6 Ways Educators Can Overcome Language Barriers with Parents
When Anabel Gonzalez was a little girl, her mother prepared her a bottle of café con leche (coffee with milk) every morning to take to school. Gonzalez, who is of Cuban descent, didn’t think much of it—until one day, her third-grade teacher asked in shock, “How could a parent give a child coffee in the morning?”
Gonzalez remembers feeling embarrassed and singled out. What she considered normal as part of her culture was being questioned by an educator. Years later, when Gonzalez became a teacher in a class for students learning English as a second language, she vowed to provide her students with a level of compassion and understanding for cultural differences that she wished she had growing up.
“It’s about accepting students as they are and where they’re from,” Gonzalez said.
For any educator, being mindful of students’ cultural differences, including languages spoken with their families, is an essential part of creating a welcoming space that is optimal for learning. And part of being a mindful educator is figuring out how best to facilitate parental involvement in education when English is not a parent’s first language while also respecting the cultures of the students and their families.
Bilingual education expert Jessica Padrón Meehan, Ed.D., points out that for many cultures, an educator’s degree earns them a level of respect with parents, who will comply with much of what is asked of them. An educator imposing their views on whether English should be spoken at home, however, can cross a line.
“The power and influence that you have over families and their actions should be thought about carefully as to avoid overstepping your boundaries,” said Meehan, who is also a lecturer with Baylor University School of Education’s Doctor of Education in Learning and Organizational Change online program. “Partner with the parent and work together to determine the best plan of action as to make sure that the student is successful in school.”
By working closely and communicating openly with parents on how to navigate language barriers, educators can make the school experience more accessible and accepting to all students.
How Can Language Barriers Affect Parental Involvement in Education?
Joyce Epstein, Ph.D., a sociology professor at Johns Hopkins University, outlines six different ways that schools and parents can work together (PDF, 112 KB):
Parenting: Assist families in creating a home environment conducive to learning by providing support programs centered around health and nutrition, which helps to educate parents, and checking in on families during educational transitions.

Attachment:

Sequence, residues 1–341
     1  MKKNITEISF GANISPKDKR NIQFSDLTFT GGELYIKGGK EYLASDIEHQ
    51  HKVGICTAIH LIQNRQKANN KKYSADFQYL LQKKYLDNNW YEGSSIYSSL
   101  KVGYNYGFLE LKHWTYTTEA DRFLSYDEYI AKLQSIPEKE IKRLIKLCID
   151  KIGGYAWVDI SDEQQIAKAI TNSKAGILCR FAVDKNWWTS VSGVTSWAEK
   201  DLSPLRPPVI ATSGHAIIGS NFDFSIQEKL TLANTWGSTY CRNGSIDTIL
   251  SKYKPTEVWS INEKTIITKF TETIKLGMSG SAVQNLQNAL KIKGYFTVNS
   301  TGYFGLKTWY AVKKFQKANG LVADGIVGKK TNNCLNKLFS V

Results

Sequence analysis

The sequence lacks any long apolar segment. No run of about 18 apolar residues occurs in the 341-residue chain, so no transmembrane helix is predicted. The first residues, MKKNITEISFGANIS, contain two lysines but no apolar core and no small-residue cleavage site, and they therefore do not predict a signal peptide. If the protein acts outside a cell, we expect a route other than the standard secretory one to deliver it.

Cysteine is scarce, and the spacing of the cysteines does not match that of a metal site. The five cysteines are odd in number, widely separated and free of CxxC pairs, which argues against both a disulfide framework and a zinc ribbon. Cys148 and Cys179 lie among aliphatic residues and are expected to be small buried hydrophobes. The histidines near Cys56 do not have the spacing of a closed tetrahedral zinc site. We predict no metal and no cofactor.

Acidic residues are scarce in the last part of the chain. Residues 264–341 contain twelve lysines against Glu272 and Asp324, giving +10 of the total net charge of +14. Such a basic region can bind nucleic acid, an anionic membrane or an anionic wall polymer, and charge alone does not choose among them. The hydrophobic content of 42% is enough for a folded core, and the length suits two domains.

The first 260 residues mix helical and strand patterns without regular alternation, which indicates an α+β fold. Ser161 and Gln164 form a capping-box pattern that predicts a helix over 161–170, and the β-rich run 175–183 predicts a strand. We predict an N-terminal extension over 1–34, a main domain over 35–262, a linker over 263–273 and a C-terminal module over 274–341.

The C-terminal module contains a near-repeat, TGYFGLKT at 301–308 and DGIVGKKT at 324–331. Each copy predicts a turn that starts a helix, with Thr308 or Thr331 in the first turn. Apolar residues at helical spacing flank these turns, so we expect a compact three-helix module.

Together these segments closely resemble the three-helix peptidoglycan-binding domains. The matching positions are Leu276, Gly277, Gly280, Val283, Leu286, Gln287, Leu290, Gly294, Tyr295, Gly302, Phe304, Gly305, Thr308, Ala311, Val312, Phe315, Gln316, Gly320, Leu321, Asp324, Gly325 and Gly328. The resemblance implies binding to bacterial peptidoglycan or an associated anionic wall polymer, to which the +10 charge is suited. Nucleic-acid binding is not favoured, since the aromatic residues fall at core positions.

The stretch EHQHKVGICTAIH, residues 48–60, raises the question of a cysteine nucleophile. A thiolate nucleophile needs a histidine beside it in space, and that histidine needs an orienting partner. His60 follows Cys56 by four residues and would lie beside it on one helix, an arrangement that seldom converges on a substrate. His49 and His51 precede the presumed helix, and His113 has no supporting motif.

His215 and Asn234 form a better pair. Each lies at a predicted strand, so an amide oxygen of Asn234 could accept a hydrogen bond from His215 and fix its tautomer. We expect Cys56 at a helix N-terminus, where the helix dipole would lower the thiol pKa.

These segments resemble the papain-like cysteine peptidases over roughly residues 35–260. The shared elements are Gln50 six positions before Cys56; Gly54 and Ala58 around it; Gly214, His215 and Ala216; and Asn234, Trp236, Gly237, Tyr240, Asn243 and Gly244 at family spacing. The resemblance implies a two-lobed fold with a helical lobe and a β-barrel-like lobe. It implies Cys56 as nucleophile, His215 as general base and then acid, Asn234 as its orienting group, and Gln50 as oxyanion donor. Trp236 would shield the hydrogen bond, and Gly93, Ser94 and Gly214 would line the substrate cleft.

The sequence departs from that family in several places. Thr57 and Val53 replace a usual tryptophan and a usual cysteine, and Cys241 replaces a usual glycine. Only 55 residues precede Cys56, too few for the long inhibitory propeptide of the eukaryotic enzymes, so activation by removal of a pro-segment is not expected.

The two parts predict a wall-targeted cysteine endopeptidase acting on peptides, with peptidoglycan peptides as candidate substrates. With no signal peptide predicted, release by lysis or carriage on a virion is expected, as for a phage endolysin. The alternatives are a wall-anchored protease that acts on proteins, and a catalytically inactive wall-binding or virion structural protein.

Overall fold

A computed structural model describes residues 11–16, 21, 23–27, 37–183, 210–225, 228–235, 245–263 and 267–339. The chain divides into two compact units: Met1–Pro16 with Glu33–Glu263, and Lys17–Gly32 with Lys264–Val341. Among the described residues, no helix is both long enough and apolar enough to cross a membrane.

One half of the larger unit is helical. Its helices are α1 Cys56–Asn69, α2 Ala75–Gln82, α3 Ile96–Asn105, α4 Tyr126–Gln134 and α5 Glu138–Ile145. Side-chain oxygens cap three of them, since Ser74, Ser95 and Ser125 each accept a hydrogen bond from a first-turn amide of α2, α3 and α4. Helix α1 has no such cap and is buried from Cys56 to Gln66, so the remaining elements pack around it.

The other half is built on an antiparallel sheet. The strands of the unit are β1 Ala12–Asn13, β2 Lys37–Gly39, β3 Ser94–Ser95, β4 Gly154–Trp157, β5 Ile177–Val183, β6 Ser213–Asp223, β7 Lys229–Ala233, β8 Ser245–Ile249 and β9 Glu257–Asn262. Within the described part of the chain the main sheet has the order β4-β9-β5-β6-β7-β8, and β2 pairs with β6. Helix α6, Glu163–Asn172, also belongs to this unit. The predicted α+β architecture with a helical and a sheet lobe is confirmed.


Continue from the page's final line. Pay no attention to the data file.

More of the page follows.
Communicating: Establish effective school-to-home communication by hosting parent-teacher conferences, providing language translators, and consistently updating parents through newsletters and phone calls.
Volunteering: Recruit parents to participate in volunteer programs within the school and make sure they stay up to date on upcoming opportunities.
Learning at home: Help parents provide support to students with homework and schoolwork by ensuring they have information about the skills required for assignments, as well as homework policies.
Decision-making: Encourage parents to participate in school decisions through PTA organizations, district-level advisory councils, and committees.
Collaborating with community: Connect families to broader community resources related to community health, social support services, and activities such as summer programs for students.
Language can be a barrier to engaging parents in different forms of involvement. Meehan uses homework as an example. While parents may have the abilities or skill sets to complete certain assignments, because they do not understand what is written in the assignment, they may be unable to help as much as they would like to.
“That could unintentionally hurt the student’s grade and they could lose out on a homework grade or on the extra practice that the teacher intended,” Meehan said.
The effects of language barriers extend beyond classwork and can bleed into participation in other school-related activities. The Parent and Family Involvement in Education: Results from the National Household Education Surveys Program of 2016 (PDF, 1.9 MB) report from the National Center for Education Statistics indicates that, in 2016, the parents of children in kindergarten through grade 12 who did not speak English had lower levels of participation in a range of school-related activities than their English-speaking counterparts. Some of the largest gaps in participation were related to volunteering, participating in school fundraising, and attending a class event.
Source: McQuiggan, M., & Megra, M. (2017). Parent and family involvement in education: Results from the National Household Education Surveys program of 2016. (NCES 2017-102). U.S. Department of Education. Washington, D.C.: National Center for Education Statistics. Retrieved from https://nces.ed.gov/pubs2017/2017102.pdf
How Can Educators Better Engage Parents with Limited English Proficiency?
The obvious bridge between the teacher and the parent is the child. And being able to translate can be a positive skill for young people to learn.
“I actually think it’s a quite complex, cognitive function that they’re using and is a gift and an asset to begin with,” Meehan said. “But, of course, you don’t want to overburden or stress the child.”